As protests over the death of George Floyd in police custody boiled over in New York City on Saturday and video of NYPD vehicles driving into demonstrators sparked outrage, Mayor Bill de Blasio said he would not “blame” police officers facing such an “impossible situation.”
“If those protesters had just gotten out of the way and not created an attempt to surround that vehicle, we would not be talking about this,” de Blasio said in a call-in appearance on NY1 just before a hastily scheduled late-night press conference.
That was his first live appearance in over two nights of nationwide chaos, more than 24 hours after City Council Speaker Corey Johnson wondered on Twitter “Where is the Mayor???” amid massive unrest, destruction, and hundreds of arrests in New York.
It was just the latest instance of New York’s embattled mayor struggling to make sense of rage in his city.
While defending police against protesters who he said “did the wrong thing” by surrounding the vehicle, de Blasio also claimed most of the unrest in his city came from outsiders. He said he’d been on a text chain with other mayors who reported on newly arrived groups of mostly white outsiders— an oblique reference to left-wing black-bloc types—sparking confrontations with the police.
“People who represent the communities of our city and the residents of our city are not joining negative and violent protests. You can see it with your own eyes,” he said at his press conference as NY1 showed him on a split screen with a crowd watching a police car burning by Union Square. “They’re just not participating in it.”
De Blasio came under withering attack from fellow Democrat and New Yorker Rep. Alexandria Ocasio-Cortez for his comments about the SUV incident.
“This moment demands leadership & accountability from each of us. Defending and making excuses for NYPD running SUVs into crowds was wrong,” she tweeted at him. “Make it right. De-escalate.”
“Running SUVs in crowds of people should never, ever be normalized,” she added. “No matter who does it, no matter why.”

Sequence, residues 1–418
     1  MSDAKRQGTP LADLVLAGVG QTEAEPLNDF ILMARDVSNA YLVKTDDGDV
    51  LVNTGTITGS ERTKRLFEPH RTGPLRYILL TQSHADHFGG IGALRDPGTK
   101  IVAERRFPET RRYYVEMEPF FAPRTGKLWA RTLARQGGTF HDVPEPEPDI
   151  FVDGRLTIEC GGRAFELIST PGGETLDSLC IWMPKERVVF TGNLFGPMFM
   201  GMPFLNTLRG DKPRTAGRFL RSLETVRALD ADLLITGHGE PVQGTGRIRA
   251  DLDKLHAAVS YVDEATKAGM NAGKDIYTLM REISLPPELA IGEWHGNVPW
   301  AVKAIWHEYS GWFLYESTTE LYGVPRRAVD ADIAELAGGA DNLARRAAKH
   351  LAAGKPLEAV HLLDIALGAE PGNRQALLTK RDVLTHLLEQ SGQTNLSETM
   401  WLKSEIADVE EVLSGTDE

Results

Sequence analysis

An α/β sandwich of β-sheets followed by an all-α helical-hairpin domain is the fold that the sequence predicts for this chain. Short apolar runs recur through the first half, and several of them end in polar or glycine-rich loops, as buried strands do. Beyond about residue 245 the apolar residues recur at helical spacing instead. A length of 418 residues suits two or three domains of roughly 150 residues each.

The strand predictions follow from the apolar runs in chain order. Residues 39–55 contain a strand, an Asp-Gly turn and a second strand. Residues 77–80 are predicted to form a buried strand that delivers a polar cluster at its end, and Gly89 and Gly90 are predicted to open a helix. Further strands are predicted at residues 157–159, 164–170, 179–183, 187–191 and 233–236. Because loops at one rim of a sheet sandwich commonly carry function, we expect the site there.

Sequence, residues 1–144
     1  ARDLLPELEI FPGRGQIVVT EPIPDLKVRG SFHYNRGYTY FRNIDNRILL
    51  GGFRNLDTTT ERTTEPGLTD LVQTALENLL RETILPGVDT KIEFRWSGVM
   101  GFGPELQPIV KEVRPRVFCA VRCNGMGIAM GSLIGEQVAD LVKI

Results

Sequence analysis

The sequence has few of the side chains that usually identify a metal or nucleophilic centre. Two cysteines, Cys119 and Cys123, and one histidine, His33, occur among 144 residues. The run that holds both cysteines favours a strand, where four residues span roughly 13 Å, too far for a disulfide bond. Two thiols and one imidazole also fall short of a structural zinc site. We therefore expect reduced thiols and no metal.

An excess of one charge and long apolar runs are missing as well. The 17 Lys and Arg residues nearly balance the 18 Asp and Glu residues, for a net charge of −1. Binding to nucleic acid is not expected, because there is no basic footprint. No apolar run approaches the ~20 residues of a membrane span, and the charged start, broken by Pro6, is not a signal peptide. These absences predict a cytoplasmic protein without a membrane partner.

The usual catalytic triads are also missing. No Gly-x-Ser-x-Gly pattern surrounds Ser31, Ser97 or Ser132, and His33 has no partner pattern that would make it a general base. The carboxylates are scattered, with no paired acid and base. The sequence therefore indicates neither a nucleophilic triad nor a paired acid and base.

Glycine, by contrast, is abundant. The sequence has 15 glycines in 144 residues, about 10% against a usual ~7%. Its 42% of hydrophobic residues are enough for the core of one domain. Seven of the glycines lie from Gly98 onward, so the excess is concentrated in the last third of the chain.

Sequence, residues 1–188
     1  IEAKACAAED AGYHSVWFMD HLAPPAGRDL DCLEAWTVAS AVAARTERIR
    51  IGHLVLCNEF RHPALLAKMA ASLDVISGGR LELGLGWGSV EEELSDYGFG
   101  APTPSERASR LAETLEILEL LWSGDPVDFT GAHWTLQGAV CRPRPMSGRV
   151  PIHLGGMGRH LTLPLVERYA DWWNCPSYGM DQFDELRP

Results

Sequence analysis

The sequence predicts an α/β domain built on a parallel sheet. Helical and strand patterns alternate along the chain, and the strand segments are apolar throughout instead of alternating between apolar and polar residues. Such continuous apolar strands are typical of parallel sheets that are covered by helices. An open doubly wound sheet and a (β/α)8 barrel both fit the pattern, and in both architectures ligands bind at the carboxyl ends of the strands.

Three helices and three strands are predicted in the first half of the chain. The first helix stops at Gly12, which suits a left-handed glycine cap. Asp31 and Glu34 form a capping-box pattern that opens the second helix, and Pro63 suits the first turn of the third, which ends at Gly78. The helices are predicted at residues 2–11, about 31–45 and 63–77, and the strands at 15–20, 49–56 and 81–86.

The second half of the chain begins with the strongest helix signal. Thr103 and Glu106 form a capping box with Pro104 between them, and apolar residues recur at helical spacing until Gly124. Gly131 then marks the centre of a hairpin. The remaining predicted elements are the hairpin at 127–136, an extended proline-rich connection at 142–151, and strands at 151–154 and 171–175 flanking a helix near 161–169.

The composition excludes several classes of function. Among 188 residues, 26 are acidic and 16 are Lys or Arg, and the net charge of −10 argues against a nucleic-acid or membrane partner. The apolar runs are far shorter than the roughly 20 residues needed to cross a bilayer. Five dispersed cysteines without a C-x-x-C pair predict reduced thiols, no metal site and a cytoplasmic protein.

Public Advocate Jumaane Williams took to Facebook with a message for the mayor: “This is not the time to say that police can do whatever they need to do.”
The NYPD clashed with crowds in Brooklyn and Manhattan.
In Flatbush, officers had deployed pepper spray as some protesters hurled bottles of water, bricks, and slabs of concrete at them. In Union Square, a slew of windows were smashed before cops used tasers to corral a smattering of protesters. One Brooklyn resident there, who asked for his surname to be withheld, said he witnessed at least one NYPD vehicle plow into the group of protesters earlier in the evening.
“I thought it was going to hit me but then it hit a bike,” he told The Daily Beast. “It was unbelievable. The police were inhumane, they didn't care about the people. One tried to tase me and another man.”
De Blasio said Saturday that “we saw a lot of restraint from the NYPD,” and “I believe the NYPD is overwhelmingly acting appropriately.”
The mayor said he couldn’t immediately provide numbers for how many people had been arrested, or how many of them were from outside of the city. But an NYPD source said that 204 people had been arrested on Friday, including 163 from New York City. While most of those people were quickly released, two sisters from the Catskills faced federal charges after allegedly trying to throw a Molotov cocktail into a NYPD van in Brooklyn.
Another protester, Amira Dunn, 23, said the police response on Saturday to the latest round of unrest had been mixed. While some aggressively corralled protesters, she said, others seemed “humble.”
“There's so much hatred, so much insecurity but I looked some in the eye and it looked like they were gonna cry,” she told The Daily Beast.
Despite his call Saturday for New Yorkers to go home, de Blasio said that there was no need for a curfew in New York, as other mayors had imposed, given the size of the NYPD.
But accounts of residents being roughed up—a journalist was seen being led away in handcuffs in Brooklyn on Saturday evening—sparked concerns that America’s largest police force was unmoored.
The latest fit of rage over local and national policing came just a day after an NYPD officer was filmed shoving a woman to the ground and calling her a “stupid fucking bitch.” But that incident, and vehicles bashing into protesters on Flatbush Avenue in Park Slope Saturday, didn’t seem to register with cops in Manhattan hours later.
One officer in Union Square late Saturday night argued that the motivation for vandalism was unclear, telling The Daily Beast, “It’s random violence. It’s just rioting.”
Around the same time, a number of protesters lit trash cans on fire and the scene escalated, with demonstrators chanting “Black Lives Matter.” Police attempted to arrest one man who resisted—and was wrestled to the ground and then tasered multiple times.
-With reporting by Rachel Olding, Lachlan Cartwright, and Danny Gold